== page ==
After church on bright, quiet summer Sundays, I would sit on the front steps of our house. Sometimes I’d see a big tour bus, painted with the words “James Brown and the Famous Flames” heading west to Chestertown and Charley Gray’s club. Going east a yellow school bus/charter bus carried a load of young people to Carr’s and/or Sparrows Beaches (two of Maryland’s segregation-era black beaches). On any given Sunday they might see Otis Redding, Ike and Tina Turner, the Shirelles and the Marvelettes. I was not one of them.
“You’re not going,” my father informed me, and only once. There was no debating Mr. Brown once he put his foot down. Too much grown-up fun was being had, and he wasn’t ready for his girl child to be a part of it. I’d have to wait for the next day’s gossip to find out who sat with whom in the back in the dark on the way home.
A couple of years later he relented. Or maybe my mother finally convinced him that it was time. And when he changed his mind, he changed it big. This was no summer Sunday bus ride to the beach – it was the Baltimore Civic Center and the Temptations! Still he had his conditions. My date (a boy one year ahead of me in school) had to meet me in Baltimore at the home of my best friend’s mother. She was the surrogate gatekeeper – her job was to make sure the boy didn’t show up with a half-pint of liquid persuasion or that my skirt was the same length as when I left home.
That skirt and blouse were classic Villager – the Abercrombie & Fitch of our time. And any girl of the era knew the label – even if she dressed like a foot soldier for SNCC or an agitator for SDS or the Weather Underground. I wore my hair in a modified Diana Ross bob, with a set of full bangs instead of her signature side-sweep over one eye. That evening both my date and I were Ebony magazine, middle-class stylish.
Inside the arena was packed with young people throbbing with anticipation. I don’t remember the opening act. It must have been Motown, though. They were a one-label music machine. One didn’t travel without at least one other member of the Hitsville USA family. I felt like the country cousin gone to the big city (which I was) but when the curtain rose on David, Eddie, Melvin, Otis and Paul we were all reduced to screaming, adoring teen-age girls.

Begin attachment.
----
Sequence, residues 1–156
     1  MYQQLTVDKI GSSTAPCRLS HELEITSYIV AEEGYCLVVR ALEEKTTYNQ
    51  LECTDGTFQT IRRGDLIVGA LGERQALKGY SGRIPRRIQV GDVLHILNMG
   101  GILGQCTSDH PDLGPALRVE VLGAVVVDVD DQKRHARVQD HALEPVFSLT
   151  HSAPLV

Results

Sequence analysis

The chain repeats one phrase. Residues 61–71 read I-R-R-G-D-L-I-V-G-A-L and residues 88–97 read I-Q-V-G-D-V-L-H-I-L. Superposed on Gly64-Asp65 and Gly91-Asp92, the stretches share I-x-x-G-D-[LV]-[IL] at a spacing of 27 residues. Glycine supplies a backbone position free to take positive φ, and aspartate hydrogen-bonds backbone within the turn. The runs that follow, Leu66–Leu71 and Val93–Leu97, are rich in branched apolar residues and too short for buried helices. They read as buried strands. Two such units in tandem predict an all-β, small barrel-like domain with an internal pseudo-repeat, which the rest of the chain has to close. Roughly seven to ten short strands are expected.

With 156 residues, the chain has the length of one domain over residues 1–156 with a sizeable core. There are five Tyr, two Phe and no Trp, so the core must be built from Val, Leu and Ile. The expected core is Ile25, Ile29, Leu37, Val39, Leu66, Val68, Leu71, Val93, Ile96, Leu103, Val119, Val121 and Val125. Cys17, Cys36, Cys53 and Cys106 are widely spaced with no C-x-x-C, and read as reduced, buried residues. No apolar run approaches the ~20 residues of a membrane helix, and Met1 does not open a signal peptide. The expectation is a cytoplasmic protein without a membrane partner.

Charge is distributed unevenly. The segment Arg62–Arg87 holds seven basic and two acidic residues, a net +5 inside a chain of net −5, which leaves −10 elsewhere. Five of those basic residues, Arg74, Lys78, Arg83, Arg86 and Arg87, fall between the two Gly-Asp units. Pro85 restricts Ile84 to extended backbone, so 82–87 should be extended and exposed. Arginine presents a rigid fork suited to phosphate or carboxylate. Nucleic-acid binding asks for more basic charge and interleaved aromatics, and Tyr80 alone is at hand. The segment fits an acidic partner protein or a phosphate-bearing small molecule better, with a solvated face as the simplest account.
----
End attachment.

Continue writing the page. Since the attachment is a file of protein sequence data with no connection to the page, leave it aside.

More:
In the vernacular of the day, the Temps were clean! None of that mismatched, old-t shirt and jeans, power to the people, keepin’ it real style of dressing – they wore suits with pocket handkerchiefs, ties and spit-shined shoes, (A well-tailored suit can make a tall lanky man look so good)! Over his trademark black-framed glasses, David’s process had been combed into a high, gleaming patent leather pompadour.
Later in the show, it took only seven iconic guitar notes to bring the crowd to its feet. “I’ve got sunshine…” David sang and the whole place erupted. From Eddie’s sweet falsetto to Melvin’s velvet bass, they rocked the place with their harmony. Everyone knew the Temptations could dance as well as they sang, but to see it in person was a wonder. Each fluid movement was sign language interpretation of the lyrics. “When it’s cold outside,” they sang, clutching their jackets across their chests. “My Girl,” David crooned, forming with his hands the coke bottle shape of the girl of his dreams. On that night, that girl was all of us. “Hey, hey, hey” – they bent low; circling one hand over the other and rolling up like a finely tuned dancing machine. And when they swayed into the Temptation Walk, it was really all over but the screaming!
I still have the 3.00 ticket from that first concert. I still have the memory that was a defining moment in my life. That day I felt as if I’d crossed a threshold, not quite into adulthood, but definitely past the line of sheltered girlhood into a young woman entering the Fifth Dimension’s “Age of Aquarius.”